We were both very impressed by our lunch - the dishes were all well cooked and flavourful, and the set of things we ordered worked together nicely to add up to more than the sum of their parts. This was at least partly down to the service - the staff were among the best we've dealt with: helpful and friendly and willing to answer any of our questions (this may have just been because we were the only people in the place, but Ashley had an equally good experience during a busier visit). If you expect your Thai food to get the eyes watering a bit you'll be a bit disappointed by Easy Tiger - they're working with a subtler range of flavours. But if you go expecting an excellent meal, wonderful service and a stylish setting, Easy Tiger will hit the spot. Our only disappointment was not getting to try the desserts that Claire and Joyce raved about - we'll have to return for an evening meal some time soon.

I've already mentioned all the blog reviews of Easy Tiger I could find: Melbourne Gastronome, Mel: Hot or Not, Fitzroyalty, Hookturns, I'm so hungreeeeeeeeee

Easy Tiger
96 Smith St, Collingwood
9417 2373
veg banquet $60 per person, small plates $4-$10, mains $24-$30

Saturday, November 13, 2010

November 5, 2010: Shark Paradise Fish & Chips

Shark Paradise looks like your typical suburban fish'n'chip shop, which makes its occurrence on Smith St a little atypical.

The menu starts out very much as you'd expect - after the fish and chips there's burgers, Chiko rolls, dim sims and potato cakes.  Then there's something we would never have discovered if it weren't for a blog post from Johanna, a section headed Vegetarian Delight!  Here there are five burgers listed, along with meat-free dim sims, soy nuggets, spring rolls and battered tempeh.

I chose the tempeh burger ($5) with chips (add $1.50).  The battered tempeh is tender but unseasoned and a little bland; this is counteracted well enough by the BBQ sauce, tomato and lettuce.  The chips were fine corner shop-style specimens - fat and fluffy with lots of salt and plenty of the crispy bits I like best.

Michael had a tempeh wrap ($7.80) with chips (add $1.40) - here you get double tempeh and what looks like double BBQ sauce, onion and beetroot as well as salad.

It's all highly processed and unrefined but it's the stuff I grew up with, and I love it.  It's great to see a chippie with a few creative vegetarian alternatives to flake, and I'll certainly be returning to slather some tempeh slices in tartare sauce.

And if the food weren't enough to evoke some nostalgia, there's also decades-old arcade games to pump your change into!

Edit 01/07/2011: Shark Paradise is now closed! There's some kind of renovation going on in there so the shopfront will be hosting something new soon...

Shark Paradise Fish & Chips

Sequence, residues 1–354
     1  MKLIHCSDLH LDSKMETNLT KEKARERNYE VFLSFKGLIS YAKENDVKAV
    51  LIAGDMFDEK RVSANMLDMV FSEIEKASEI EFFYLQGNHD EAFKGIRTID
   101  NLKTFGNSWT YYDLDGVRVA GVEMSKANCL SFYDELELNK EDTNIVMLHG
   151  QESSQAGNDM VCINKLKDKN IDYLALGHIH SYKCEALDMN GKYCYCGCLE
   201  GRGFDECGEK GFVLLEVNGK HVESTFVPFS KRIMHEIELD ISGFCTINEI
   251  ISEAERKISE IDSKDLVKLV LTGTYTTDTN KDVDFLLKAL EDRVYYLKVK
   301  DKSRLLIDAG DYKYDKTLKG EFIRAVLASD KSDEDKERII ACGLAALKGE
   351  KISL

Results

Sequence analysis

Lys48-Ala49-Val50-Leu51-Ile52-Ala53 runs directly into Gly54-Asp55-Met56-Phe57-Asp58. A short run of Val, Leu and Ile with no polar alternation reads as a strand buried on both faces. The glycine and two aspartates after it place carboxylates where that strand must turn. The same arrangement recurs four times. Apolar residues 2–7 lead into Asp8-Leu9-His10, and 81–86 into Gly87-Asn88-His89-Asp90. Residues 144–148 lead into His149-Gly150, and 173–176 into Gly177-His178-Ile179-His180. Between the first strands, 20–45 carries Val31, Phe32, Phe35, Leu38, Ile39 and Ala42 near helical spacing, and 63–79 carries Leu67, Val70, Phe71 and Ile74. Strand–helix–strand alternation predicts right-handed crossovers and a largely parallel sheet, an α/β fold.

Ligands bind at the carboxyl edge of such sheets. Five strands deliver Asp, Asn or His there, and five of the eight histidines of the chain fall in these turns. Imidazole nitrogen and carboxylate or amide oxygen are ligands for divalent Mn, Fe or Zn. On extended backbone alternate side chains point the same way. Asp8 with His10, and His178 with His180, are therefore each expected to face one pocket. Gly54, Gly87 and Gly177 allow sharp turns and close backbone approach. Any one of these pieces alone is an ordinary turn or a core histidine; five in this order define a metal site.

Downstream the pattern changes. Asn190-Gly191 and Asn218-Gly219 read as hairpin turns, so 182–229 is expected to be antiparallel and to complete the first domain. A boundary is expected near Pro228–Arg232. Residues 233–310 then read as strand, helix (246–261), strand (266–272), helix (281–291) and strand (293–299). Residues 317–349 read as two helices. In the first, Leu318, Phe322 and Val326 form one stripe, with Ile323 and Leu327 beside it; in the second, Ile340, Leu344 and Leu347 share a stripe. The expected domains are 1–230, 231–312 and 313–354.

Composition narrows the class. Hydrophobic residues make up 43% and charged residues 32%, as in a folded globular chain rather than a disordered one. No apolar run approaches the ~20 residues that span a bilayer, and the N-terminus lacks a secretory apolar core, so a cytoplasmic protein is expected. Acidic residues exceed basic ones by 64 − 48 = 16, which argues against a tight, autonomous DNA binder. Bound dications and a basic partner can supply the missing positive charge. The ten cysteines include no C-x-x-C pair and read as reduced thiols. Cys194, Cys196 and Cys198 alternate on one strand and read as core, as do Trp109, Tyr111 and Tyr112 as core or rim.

76 Smith St, Collingwood
9486 0609
veg snacks & meals $0.90-$9.20

Wednesday, November 10, 2010

November 3-4, 2010: Salted caramel icecream: vegans' revenge

I'm a little fearful that that beige-and-blue just-barely focused photo above isn't going to keep your attention for long.  But seriously, you guys, this is one of my proudest moments in the kitchen in a long time.

David Lebovitz's salted butter caramel icecream? I done veganised it.  And dramatically reduced the number of kitchen implements I used in the process.

Here's my formulae:
  butter -> Nuttelex (obviously) 
  milk + cream + egg yolks -> coconut milk + arrowroot.

I haven't tasted the two recipes side by side, but I reckon what we have here is a pretty good match.  And it's that much easier that I won't be looking back.  I didn't even strain it.

I had a slightly different experience with the caramel this time round.  I used our smallest gas burner with a heat diffuser on top and felt much more in control of browning, but not burning, the caramel.  But then when I poured the toffee out it didn't want to spread far so it set in a very thick sheet, was difficult to break up, and remained too crunchy in the icecream.  I also stupidly forgot to add the salt to the caramel in the saucepan and sprinkled it over the setting toffee.  This made repeated taste-testing of the toffee irresistible but didn't carry quite so well to the finished icecream.

One final cooking note - this icecream is crazy-sweet.  I'll experiment with reducing the quantity of sugar in future batches and work out what level I like best.  But don't hesitate to try this version of the recipe now now now.

Vegan salted caramel icecream
(adapted from David Lebovitz's salted butter caramel icecream)

mix-in toffee
spray oil
100g castor sugar
3/4 teaspoon sea salt, ideally some fancy fleur de sel

300g castor sugar
1/2 teaspoon sea salt (again, fleur de sel preferable)
60g Nuttelex or other vegan margarine
2 x 400mL cans coconut milk
1 generous tablespoon arrowroot
1 teaspoon vanilla extract

Line a baking tray with paper and spray it lightly with oil.  To make the toffee, place the sugar in a saucepan and melt it over moderate, even heat.  Don't stir it too often or vigorously, but go ahead and shift the liquid bits out of the way to encourage the solid bits to melt quicker.  Continue cooking the sugar until it is all liquid and brown, until it just starts smoking.

As efficiently as you can, sprinkle the salt over the caramel and pour it all onto the baking tray.  Lift and tilt the tray to get the thinnest layer of toffee you can - it doesn't have to be a pretty shape or single sheet.  Set it aside to set completely.

Now for the custard!  Repeat exactly the same caramel-making process with the sugar in a medium-large saucepan.  Take it off the heat when it's time to add the salt, and whisk in the margarine too.  Next, gradually whisk in the coconut milk.  Return the saucepan to a moderate heat to help evenly melt the coconut fat through the mix.  The caramel may harden again but be patient, it will re-melt over the heat.  Sift in a generous tablespoon of arrowroot and bring the mixture to the boil. Take it off the heat and stir in the vanilla extract.